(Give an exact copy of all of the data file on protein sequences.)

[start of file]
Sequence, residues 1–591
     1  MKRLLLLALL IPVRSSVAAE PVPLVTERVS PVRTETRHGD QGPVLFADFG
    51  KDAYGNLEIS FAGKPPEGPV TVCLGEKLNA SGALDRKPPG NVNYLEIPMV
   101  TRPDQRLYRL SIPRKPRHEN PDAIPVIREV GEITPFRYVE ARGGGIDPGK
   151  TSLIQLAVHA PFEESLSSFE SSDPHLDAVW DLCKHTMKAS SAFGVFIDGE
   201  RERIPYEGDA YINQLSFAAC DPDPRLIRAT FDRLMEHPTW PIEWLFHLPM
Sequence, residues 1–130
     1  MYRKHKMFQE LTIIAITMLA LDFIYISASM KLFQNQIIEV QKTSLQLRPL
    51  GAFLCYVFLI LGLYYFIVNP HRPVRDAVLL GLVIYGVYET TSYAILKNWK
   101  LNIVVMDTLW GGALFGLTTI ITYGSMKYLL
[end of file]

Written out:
Sequence, residues 1–591
     1  MKRLLLLALL IPVRSSVAAE PVPLVTERVS PVRTETRHGD QGPVLFADFG
    51  KDAYGNLEIS FAGKPPEGPV TVCLGEKLNA SGALDRKPPG NVNYLEIPMV
   101  TRPDQRLYRL SIPRKPRHEN PDAIPVIREV GEITPFRYVE ARGGGIDPGK
   151  TSLIQLAVHA PFEESLSSFE SSDPHLDAVW DLCKHTMKAS SAFGVFIDGE
   201  RERIPYEGDA YINQLSFAAC DPDPRLIRAT FDRLMEHPTW PIEWLFHLPM
Sequence, residues 1–130
     1  MYRKHKMFQE LTIIAITMLA LDFIYISASM KLFQNQIIEV QKTSLQLRPL
    51  GAFLCYVFLI LGLYYFIVNP HRPVRDAVLL GLVIYGVYET TSYAILKNWK
   101  LNIVVMDTLW GGALFGLTTI ITYGSMKYLL